Original Date: 08/26/1996
Revision Date: 01/18/2007
Information : Scanning Drawings
In January 1996, Weirton Steel Corporation (WSC) implemented a system for converting hard copy blueprints and engineering drawings to electronic image files. Commonly-used maintenance drawings are being identified for conversion. Approximately 300,000 engineering drawings currently exist. Previously all official drawings existed in hard copy form and were stored in vaults in the Engineering Department. Maintenance personnel retained paper copies of the maintenance drawings. The Engineering Department used 12 Unigraphics CAD workstations to produce drawings in-house. Each month, approximately 30,000 blueprint reproductions were created by Engineering Department personnel to satisfy the demands of plant personnel.
Under the old system, keeping current maintenance copies in the plant was nearly impossible because approved drawings were frequently revised. A great amount of effort and storage space was required to maintain prints of drawings in the plant. The system was inefficient and permitted the use of out-of-date prints of drawings.
In conjunction with the implementation of electronic management of drawings, the Engineering Department switched to AutoCAD, primarily because most of the company's engineering service vendors used AutoCAD. Currently, the image database is being developed by an outside vendor. Prior to conversion, the prints are copied in-house to ensure that a copy is always available. The original is then sent to the vendor for conversion. After conversion, the drawing images are generally available to any user of the system.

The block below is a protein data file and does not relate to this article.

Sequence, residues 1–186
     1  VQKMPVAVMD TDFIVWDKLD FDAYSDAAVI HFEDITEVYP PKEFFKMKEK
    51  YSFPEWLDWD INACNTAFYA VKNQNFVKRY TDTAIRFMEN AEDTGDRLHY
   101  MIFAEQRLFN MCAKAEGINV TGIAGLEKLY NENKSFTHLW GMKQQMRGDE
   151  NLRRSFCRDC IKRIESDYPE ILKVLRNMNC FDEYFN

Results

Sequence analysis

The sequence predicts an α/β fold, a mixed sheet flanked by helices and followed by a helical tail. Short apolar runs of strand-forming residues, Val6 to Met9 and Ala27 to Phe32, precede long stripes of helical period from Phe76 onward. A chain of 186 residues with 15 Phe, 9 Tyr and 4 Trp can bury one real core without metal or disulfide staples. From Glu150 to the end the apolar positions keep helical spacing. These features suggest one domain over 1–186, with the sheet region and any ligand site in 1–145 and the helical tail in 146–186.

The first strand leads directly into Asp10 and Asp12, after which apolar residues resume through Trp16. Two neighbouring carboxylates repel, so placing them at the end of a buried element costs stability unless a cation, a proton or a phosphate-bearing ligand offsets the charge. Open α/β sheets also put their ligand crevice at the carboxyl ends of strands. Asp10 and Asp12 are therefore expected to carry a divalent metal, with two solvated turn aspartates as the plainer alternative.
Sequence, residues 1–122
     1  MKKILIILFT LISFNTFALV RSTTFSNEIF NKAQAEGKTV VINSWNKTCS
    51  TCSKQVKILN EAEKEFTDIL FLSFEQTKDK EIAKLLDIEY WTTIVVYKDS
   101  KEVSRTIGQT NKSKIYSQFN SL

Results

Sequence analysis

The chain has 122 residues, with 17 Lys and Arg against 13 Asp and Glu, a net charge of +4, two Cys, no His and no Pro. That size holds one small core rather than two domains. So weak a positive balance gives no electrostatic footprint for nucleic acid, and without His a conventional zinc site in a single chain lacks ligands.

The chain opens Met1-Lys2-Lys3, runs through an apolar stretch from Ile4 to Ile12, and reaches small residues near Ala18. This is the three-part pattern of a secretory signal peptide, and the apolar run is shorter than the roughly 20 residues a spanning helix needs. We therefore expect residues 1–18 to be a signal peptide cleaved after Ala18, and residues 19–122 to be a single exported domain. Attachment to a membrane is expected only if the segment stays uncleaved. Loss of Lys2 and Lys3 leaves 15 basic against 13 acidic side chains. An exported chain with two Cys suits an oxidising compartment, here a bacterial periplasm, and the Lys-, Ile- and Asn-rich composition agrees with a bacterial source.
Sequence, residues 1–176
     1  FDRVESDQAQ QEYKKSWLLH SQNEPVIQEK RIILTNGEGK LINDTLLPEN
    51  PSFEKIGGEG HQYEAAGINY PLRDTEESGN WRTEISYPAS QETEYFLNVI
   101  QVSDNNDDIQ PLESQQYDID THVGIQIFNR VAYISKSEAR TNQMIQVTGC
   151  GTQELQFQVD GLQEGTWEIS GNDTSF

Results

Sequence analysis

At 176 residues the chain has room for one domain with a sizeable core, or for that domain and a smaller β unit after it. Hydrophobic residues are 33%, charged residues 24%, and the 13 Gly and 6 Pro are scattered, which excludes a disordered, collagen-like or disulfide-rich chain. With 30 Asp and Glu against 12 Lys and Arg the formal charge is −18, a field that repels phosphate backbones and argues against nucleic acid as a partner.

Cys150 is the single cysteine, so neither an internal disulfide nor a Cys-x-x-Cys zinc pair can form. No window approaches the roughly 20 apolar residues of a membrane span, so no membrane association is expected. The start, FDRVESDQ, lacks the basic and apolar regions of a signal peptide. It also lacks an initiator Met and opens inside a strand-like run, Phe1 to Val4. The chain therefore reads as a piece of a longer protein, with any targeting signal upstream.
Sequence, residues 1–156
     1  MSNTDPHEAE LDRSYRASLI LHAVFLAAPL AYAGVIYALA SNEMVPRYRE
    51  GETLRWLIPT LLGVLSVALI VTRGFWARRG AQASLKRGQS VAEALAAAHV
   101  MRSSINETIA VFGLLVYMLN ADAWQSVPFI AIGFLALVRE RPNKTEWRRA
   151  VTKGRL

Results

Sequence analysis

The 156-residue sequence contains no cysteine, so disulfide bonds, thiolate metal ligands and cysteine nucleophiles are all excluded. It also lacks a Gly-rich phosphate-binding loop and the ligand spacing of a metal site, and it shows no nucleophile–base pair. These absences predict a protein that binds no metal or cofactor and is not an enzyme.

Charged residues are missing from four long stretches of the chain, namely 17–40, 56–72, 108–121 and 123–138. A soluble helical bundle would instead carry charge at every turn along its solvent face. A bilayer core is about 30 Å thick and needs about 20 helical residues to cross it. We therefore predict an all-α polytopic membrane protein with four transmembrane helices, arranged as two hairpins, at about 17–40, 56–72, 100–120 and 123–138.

Vendors providing CAD services are required to use AutoCAD and to provide a copy of the CAD file to WSC. As new files are produced in AutoCAD, whether in-house or by a vendor, the files are incorporated into the new system. WSC purchased a new blueprint reproduction machine that scans the original and produces a large format output to a laser printer. As older drawings are manually revised, they will be scanned using the new machine, and the new version will be copied to the image server.
With the new system, images are quickly accessible to any user of the system and may be printed to a laser printer if hard copy is required. Cost savings have resulted from the decreased need for hard copy reproduction. The new system greatly improves document control and simplifies communication of revisions and redlines. Vendors can remotely access the system, review a drawing, modify it, and then submit it for approval automatically.
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